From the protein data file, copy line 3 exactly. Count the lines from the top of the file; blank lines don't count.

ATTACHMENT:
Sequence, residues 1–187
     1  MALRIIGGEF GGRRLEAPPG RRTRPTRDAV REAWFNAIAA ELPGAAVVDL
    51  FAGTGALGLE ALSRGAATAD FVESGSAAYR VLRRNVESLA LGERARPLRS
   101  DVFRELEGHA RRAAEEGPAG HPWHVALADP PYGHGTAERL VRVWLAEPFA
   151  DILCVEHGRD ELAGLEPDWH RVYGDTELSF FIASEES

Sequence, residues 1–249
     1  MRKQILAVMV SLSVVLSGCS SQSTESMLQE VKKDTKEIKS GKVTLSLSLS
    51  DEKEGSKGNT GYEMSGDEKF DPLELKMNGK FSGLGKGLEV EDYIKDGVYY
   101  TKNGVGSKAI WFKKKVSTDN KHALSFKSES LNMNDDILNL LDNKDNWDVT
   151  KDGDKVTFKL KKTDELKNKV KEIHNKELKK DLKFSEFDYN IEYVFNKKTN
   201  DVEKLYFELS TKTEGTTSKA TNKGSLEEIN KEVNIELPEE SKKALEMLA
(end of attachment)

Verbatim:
    51  FAGTGALGLE ALSRGAATAD FVESGSAAYR VLRRNVESLA LGERARPLRS